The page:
Six sons of businessman Jackson Kibor have said they are ready to undergo DNA tests to prove they are his offspring.
The sons, who lost a case filed by the 88-year-old seeking to kick them out of a 1,200-acre land in Soy, Uasin Gishu County, told the Saturday Nation they were aware their father was planning for DNA tests and said they were ready for them.
One of the sons, Ezekiel Kipng’etich, said they would only undergo the tests in a government facility, where the results are unlikely to be manipulated.
“We are ready for a DNA test as long as it is done in a transparent manner,” he said.
Mr Kipng’etich’s mother, Naomi Jeptoo, who was divorced by Mzee Kibor two years ago, backed her son’s position.
She added that the body of her elder son, which is buried in the contested land, must also be exhumed for the same test.
Ms Jeptoo said she is yet to come to terms with her divorce since she was always faithful to Mr Kibor since their marriage in 1975.
She said if the test is done without manipulation, the future of her children will change for the better.
She said she had nothing to hide and that she loves her husband despite her tribulations. “I welcome the proposal for the sons to go for DNA tests ... it will change the destiny of my sons,” she said.
However, Mr Kibor said he is still debating when and where to do the tests. The businessman lamented he had undergone enough troubles with Ms Jeptoo and her children and did not want anything to do with them.
“It is true that I am contemplating going for DNA tests, but I am yet to make a final decision. I will do so after consultations with my lawyers,” said Mr Kibor.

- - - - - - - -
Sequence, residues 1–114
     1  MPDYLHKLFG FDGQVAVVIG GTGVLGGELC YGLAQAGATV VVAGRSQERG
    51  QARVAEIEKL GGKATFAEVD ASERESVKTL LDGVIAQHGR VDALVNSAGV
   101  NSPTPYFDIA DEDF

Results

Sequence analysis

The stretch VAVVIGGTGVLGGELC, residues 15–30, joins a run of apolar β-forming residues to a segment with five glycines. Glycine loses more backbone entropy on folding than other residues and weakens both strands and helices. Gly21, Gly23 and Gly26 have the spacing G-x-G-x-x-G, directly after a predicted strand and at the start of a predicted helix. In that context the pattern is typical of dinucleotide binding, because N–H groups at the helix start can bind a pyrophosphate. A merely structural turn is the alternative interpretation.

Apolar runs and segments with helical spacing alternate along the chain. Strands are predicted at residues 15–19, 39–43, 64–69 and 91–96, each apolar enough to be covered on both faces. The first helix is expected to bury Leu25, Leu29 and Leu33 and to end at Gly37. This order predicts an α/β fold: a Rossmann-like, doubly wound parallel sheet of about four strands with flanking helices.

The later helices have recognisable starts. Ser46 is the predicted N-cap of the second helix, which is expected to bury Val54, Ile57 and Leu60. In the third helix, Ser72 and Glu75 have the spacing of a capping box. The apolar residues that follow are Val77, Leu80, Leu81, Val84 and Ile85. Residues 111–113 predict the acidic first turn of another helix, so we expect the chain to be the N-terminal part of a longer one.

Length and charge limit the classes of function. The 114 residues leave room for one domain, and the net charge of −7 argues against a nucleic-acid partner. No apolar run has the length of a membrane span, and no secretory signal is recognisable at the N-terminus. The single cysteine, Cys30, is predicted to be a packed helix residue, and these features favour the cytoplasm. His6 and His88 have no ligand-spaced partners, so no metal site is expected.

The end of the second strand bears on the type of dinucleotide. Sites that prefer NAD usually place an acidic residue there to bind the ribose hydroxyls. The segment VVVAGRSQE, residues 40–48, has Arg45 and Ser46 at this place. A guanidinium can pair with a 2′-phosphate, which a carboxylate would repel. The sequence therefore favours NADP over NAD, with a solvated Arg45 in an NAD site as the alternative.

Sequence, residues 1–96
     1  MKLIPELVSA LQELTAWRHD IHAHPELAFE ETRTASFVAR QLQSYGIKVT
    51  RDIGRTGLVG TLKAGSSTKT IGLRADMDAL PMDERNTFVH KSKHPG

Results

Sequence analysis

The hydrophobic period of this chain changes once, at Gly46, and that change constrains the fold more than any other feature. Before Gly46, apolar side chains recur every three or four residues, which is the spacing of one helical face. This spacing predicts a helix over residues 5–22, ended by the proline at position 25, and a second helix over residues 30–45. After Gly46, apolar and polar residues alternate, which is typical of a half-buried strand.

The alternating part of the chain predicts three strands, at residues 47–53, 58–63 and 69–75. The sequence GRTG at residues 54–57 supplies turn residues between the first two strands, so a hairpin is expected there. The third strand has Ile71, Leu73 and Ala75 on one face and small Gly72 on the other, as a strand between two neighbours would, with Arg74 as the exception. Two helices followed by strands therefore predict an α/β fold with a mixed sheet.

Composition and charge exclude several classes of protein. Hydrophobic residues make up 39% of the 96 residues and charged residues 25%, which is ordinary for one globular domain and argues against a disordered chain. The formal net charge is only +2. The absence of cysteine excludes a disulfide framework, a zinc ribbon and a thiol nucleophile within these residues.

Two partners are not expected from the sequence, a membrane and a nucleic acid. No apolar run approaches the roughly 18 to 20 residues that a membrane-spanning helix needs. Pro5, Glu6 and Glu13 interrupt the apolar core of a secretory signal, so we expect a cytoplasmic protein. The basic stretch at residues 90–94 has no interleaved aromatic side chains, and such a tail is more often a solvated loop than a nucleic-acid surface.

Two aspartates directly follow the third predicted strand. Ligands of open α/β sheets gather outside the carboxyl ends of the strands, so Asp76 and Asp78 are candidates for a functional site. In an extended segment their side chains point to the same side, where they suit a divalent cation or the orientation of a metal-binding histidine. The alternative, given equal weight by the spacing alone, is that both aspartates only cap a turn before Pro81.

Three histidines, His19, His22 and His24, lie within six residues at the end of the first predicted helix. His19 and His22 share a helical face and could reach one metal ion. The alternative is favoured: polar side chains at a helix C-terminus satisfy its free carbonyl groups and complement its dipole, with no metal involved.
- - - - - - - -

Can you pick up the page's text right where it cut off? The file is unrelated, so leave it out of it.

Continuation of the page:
The octogenarian said his focus now is on seeing his sons vacate his farm after the court ruling that gave them 150 days to do so.
Justice Anthony Ombwayo of the Land and Environment Court in Eldoret ruled that Mr Kibor is the legal owner of the land and that his sons did not have valid documents to claim ownership of the property.
The court consequently ordered the sons – Elkana Kipleting, Evans Kipkosgei, Eric Kipchumba, Raymond Kibitok, Edwin Kipkoech and Ezekiel Kipng’etich – together with their employees, to vacate the land or be forcibly evicted.
The property at the heart of battle is situated in Kebenes village in Soy sub-county.
Mr Kibor, who owns acres of land in Uasin Gishu and Trans Nzoia counties, convinced the court to strike out documents showing that the land in dispute was transferred to his embattled sons.
“We are likely to appeal the ruling ... we will let you know when everything is ready,” said Mr Kipng’etich.
After winning the four-year court battle against his sons over the multimillion agricultural land, Mr Kibor said he must also get back the gun that was confiscated following an incident with the sons in 2018 over land.
He is alleged to have shot at the sons but denied the allegation in court. After the incident, Mr Kibor was reported to the police and the gun was taken away from him.
He claims his sons could harm him after the court defeat. “I am appealing to the police to expedite the process of returning my licensed firearm because I do not feel safe,” said Mr Kibor.
His sons rejected Mr Kibor’s claim regarding his security and cautioned the government against giving him back his gun before subjecting him to the requisite tests.
Mr Kipng’etich said the Directorate of Criminal Investigations and Arms Licensing Board should subject Mr Kibor to mental assessment before returning his gun.
“The manner in which our father is behaving of late is strange; it would be wise for him to undergo mental assessment before being re-listed as a licensed gun holder,” he said.